Lost on a Desert Island is a comic story written by Walt Disney and with art by Ub Iwerks and Win Smith. It features Mickey Mouse, Minnie Mouse, and Wienie, with Charles Lindbergh appearing in Mickey's dream.
Mickey Mouse has a dream, and not just the kind of dream that occurs when one is asleep, but the kind that pushes a man, or a mouse, to do something which he has never done before and reach new heights. For Mickey, this dream is to build and fly his own "aeroplane". With the help of his barnyard friends, he achieves his goal, but his homemade plane's maiden voyage lands him on a deserted island, which may not be so deserted after all...
- Plane Crazy (1928) depicts very similar, and perhaps the very same, events as the beginning of this comic story. Both show Mickey Mouse and his barnyard friends being inspired by Charles Lindbergh and building a plane, which Mickey then flies with Minnie, who jumps off the plane and uses her undergarments as a parachute. Despite the major similarities, the two don't line up exactly, with one notable difference being the ending. In Plane Crazy, Mickey crash lands in the same barnyard he took off from, with he and Minnie being on bad terms due to his aggressiveness. In Lost on a Desert Island, he crash lands on the titular desert island, with him and Minnie having seemingly parted ways on good terms.
- The desert island seems to have been inspired by the setting of Jungle Rythym (1929), which also features Mickey dealing with wild animals in a jungle. In fact, a lion seen in Lost on a Desert Island has the exact same design as a lion seen in Jungle Rythym, perhaps indicating that the lions are the same and that the jungle of Jungle Rythym and the desert island of Lost on a Desert Island are one and the same.
- The climax of The Castaway (1931) shows Mickey trapping a lion inside a crocodile just as he did in Lost on a Desert Island. It is unclear if the two stories take place at the same time, or if Mickey was simply reusing a skill of his in The Castaway. The fact that the stories have entirely different ways of explaining how he ended up in the jungle in the first place. The Castaway shows him washing up ashore after drifting in the ocean on a piece of debris. Lost on a Desert Island has his plane crashing on the island.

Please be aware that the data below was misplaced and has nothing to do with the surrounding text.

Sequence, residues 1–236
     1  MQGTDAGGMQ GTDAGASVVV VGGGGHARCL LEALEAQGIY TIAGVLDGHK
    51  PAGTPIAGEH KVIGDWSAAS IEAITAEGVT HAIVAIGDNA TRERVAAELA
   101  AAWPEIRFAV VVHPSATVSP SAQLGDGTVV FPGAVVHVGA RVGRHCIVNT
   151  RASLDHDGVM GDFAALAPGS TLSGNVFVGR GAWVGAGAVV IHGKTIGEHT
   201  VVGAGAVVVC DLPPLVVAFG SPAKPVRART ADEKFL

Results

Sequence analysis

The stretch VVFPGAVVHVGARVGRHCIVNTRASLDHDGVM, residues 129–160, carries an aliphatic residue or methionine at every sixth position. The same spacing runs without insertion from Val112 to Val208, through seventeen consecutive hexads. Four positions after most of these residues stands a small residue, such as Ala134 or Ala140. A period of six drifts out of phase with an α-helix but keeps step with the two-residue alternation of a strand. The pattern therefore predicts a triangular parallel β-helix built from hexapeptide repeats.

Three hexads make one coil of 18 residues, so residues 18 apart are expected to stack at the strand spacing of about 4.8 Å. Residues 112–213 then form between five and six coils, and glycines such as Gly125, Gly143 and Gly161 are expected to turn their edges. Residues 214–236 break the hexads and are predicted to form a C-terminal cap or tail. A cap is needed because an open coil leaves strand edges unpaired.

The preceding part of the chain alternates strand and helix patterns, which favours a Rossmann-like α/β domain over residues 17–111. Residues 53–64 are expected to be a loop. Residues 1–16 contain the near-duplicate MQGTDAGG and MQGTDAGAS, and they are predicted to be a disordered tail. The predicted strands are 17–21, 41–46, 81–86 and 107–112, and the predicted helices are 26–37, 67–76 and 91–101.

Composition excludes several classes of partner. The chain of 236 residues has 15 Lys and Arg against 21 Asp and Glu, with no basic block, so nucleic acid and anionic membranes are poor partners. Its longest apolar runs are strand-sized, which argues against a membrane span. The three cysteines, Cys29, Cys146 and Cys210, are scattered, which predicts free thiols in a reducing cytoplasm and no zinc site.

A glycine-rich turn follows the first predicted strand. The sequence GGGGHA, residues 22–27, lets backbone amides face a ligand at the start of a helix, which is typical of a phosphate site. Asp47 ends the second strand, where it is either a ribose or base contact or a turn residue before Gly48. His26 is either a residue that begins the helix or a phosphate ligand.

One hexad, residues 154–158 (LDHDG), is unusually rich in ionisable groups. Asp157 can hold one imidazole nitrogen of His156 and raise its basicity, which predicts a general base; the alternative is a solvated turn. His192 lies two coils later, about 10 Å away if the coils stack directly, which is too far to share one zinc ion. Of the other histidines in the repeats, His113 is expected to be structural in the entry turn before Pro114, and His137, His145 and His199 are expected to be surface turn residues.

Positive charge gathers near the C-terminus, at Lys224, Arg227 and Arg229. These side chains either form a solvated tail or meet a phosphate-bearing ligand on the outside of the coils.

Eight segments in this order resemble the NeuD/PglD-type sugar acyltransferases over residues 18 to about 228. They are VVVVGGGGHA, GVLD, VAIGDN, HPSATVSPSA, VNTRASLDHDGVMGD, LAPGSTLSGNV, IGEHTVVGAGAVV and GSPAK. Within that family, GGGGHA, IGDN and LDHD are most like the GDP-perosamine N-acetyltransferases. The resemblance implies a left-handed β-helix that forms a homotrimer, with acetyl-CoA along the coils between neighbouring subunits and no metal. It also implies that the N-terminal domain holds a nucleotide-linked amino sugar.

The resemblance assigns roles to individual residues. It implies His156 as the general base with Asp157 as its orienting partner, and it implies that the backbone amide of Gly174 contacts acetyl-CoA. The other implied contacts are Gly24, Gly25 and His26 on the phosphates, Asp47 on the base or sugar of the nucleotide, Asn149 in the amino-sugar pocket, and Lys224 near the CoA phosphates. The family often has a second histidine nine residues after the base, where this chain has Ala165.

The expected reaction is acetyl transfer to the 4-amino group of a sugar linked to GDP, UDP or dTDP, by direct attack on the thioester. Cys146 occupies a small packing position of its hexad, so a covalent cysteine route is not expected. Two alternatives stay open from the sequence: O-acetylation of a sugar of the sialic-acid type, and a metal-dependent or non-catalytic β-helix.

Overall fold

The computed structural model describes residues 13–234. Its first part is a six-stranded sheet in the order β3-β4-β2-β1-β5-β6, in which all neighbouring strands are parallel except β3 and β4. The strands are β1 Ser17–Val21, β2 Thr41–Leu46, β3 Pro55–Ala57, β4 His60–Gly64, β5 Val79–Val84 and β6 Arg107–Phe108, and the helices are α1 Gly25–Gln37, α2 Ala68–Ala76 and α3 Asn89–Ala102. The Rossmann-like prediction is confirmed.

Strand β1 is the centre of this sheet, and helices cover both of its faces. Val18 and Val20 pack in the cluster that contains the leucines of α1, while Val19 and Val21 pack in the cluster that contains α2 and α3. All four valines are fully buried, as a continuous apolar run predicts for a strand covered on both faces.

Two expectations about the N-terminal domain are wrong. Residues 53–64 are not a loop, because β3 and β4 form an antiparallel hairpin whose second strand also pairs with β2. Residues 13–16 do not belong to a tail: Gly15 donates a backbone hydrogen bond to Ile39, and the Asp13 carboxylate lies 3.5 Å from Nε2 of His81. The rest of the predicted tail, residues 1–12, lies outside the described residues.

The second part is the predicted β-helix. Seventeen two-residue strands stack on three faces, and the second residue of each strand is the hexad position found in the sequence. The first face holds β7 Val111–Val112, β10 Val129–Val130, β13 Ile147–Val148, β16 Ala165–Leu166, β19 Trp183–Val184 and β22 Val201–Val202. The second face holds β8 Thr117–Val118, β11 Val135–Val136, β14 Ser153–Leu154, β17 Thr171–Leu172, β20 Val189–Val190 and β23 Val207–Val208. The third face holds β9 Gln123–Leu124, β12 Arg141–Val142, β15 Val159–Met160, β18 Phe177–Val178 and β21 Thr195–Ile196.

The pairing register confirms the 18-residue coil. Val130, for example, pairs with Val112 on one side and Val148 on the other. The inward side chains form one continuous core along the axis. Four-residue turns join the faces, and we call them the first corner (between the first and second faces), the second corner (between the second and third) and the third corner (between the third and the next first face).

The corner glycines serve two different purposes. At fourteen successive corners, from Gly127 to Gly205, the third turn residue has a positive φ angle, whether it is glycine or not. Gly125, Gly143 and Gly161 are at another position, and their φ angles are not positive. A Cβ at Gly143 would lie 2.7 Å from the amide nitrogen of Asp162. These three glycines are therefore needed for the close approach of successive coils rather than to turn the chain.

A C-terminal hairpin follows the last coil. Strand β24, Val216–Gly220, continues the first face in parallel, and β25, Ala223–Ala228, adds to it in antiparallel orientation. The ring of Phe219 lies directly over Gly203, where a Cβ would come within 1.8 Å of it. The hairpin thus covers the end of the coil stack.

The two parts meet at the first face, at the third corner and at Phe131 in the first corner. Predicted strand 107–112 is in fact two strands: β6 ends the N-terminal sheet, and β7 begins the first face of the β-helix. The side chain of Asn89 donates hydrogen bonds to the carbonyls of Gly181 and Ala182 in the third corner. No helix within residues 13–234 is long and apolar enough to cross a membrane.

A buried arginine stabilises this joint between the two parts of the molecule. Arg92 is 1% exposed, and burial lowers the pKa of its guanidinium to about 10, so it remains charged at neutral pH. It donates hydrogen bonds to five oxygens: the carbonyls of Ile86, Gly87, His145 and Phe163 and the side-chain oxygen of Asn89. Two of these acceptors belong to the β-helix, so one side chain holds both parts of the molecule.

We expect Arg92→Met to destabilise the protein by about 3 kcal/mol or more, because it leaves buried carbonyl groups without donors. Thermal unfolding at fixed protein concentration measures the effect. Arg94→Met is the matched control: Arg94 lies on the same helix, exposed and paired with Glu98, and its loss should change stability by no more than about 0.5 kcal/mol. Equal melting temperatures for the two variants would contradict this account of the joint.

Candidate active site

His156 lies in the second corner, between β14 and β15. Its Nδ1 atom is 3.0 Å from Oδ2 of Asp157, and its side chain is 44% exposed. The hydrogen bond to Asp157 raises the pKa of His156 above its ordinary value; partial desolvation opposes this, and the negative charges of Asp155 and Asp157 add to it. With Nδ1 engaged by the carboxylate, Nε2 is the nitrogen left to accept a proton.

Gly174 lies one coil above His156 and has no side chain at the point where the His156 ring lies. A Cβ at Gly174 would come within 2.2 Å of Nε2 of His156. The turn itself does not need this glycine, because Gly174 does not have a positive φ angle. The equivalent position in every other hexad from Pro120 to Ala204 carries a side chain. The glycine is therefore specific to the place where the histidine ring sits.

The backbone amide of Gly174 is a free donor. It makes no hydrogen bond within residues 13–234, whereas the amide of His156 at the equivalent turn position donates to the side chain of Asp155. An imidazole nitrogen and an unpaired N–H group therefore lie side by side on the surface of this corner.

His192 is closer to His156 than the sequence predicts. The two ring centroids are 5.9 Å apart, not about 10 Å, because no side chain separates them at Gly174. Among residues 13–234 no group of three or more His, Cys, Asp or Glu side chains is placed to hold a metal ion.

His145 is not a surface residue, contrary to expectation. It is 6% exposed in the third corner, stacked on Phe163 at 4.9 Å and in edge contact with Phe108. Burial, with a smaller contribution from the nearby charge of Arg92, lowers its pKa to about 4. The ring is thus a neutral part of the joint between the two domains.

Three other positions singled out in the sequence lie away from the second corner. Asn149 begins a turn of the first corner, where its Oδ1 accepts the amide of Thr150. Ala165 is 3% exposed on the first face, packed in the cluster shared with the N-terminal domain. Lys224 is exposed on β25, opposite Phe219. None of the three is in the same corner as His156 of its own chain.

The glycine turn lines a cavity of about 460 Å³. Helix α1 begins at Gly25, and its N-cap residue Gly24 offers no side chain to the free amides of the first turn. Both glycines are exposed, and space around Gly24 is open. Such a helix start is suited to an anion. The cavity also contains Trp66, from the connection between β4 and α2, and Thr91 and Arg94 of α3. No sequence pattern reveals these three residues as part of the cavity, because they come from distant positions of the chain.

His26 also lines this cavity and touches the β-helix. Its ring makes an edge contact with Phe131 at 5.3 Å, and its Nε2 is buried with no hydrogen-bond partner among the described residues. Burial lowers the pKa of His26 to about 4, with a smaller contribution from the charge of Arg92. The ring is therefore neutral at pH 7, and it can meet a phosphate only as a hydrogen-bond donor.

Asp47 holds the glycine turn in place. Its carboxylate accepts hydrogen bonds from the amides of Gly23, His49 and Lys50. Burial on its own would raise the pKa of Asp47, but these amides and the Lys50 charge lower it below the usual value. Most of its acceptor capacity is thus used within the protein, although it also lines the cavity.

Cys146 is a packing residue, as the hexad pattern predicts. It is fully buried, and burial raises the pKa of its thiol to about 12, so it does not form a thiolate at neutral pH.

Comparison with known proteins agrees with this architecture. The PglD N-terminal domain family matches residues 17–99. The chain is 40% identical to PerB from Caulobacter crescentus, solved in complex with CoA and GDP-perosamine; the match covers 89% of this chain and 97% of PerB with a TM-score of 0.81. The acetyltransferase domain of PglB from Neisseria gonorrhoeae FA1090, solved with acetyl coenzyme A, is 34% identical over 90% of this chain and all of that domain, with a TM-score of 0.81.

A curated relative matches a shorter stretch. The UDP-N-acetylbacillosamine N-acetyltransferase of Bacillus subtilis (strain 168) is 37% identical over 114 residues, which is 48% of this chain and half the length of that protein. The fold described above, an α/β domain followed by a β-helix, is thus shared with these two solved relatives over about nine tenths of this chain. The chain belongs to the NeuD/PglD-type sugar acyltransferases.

- The Mail Pilot (1933) also shows Mickey learning how to fly, albeit under completely different circumstances. Quite possibly, when Mickey said he was going to "learn to fly" in The Mail Pilot, he was referring to learning how to fly professionally-made airplanes as opposed to homemade ones.
- The airplane Mickey builds in this story, or a near facsimile, appears in certain episodes of Mickey Mouse Clubhouse (2006 - 2016), where it is referred to as the Toon Plane.
Behind the ScenesEdit
Lost on a Desert Island was originally published as a serialized comic strip. It was the first story in the long-running Mickey Mouse comic strip. It was written by Walt Disney. The penciling was initially done by Ub Iwerks, but Win Smith took over partway through the story. Smith also inked the story.
For an Italian publication of the story, three new strips were added, two of which helped explain how Mickey escaped the desert island. The art and, presumably, the writing for these new strips was done by Giorgio Scudellari.